Phillies

Similar starting pitchers open a fun Phillies series at Coors Field

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Similar starting pitchers open a fun Phillies series at Coors Field

Remember how terribly the Phillies' four-game series in Colorado went last season? This should be a different story.

Last September, the Phils were swept at Coors Field and outscored 39-7 by a playoff-bound Rockies team. That sweep ensured the Phils would finish with a losing record.

Expectations were high for the 2019 Rockies but they've started off on the wrong foot, going 6-12 in their first six series. They began 2-0, then lost 12 of 13 before winning three in a row.

The 11-6 Phillies have gone 4-1-1 in their six series, five of which have come against NL East teams.

When: 8:40 p.m. — Pregame Live starts at 8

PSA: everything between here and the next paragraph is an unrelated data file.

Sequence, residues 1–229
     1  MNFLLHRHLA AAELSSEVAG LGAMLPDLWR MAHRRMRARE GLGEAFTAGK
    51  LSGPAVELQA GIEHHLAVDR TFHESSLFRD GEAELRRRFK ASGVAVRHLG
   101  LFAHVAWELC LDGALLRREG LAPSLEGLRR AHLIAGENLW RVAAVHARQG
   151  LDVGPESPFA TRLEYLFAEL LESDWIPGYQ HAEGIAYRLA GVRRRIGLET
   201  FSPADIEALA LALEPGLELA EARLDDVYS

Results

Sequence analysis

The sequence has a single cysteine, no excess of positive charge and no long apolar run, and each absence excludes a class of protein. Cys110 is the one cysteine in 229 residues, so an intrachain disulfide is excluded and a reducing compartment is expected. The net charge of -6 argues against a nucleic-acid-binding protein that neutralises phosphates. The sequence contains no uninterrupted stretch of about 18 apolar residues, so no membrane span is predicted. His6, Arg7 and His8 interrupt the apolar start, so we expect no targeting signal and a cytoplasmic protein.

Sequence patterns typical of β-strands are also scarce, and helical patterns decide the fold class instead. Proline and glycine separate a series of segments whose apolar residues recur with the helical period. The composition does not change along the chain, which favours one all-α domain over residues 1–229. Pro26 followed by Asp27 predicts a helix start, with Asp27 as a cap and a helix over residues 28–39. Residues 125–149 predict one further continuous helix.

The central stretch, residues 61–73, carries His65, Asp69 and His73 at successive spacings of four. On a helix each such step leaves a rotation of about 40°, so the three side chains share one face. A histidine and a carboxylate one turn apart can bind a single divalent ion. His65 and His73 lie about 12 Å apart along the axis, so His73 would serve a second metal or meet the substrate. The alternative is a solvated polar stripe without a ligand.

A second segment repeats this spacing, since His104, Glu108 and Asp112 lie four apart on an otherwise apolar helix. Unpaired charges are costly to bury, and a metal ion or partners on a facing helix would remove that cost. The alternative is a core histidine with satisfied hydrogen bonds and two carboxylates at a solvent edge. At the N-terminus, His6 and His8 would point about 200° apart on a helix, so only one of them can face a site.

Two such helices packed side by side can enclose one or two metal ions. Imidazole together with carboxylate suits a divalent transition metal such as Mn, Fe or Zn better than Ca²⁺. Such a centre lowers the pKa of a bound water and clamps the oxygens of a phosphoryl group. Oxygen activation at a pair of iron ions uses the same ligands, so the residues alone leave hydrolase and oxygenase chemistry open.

Where: NBC Sports Philadelphia+ and streaming live on the MyTeams app and NBCSportsPhiladelphia.com 

Pitching matchup: Zach Eflin (2-1, 3.94) vs. Kyle Freeland (1-3, 5.40)

Facing Freeland

The Phillies will see lefty Kyle Freeland, who last year had maybe the best season ever for a Rockies starting pitcher, going 17-7 with a 2.85 ERA in 33 starts and an astonishing 10-2 with a 2.40 ERA at Coors Field. The narrative with Freeland is that because he's a Denver native, he's used to pitching at altitude.

Last year's fourth-place Cy Young finisher is off to a rough start. After a gem on opening day, he's allowed 13 runs and 29 baserunners in 14⅔ innings, failing to make it past the fifth inning.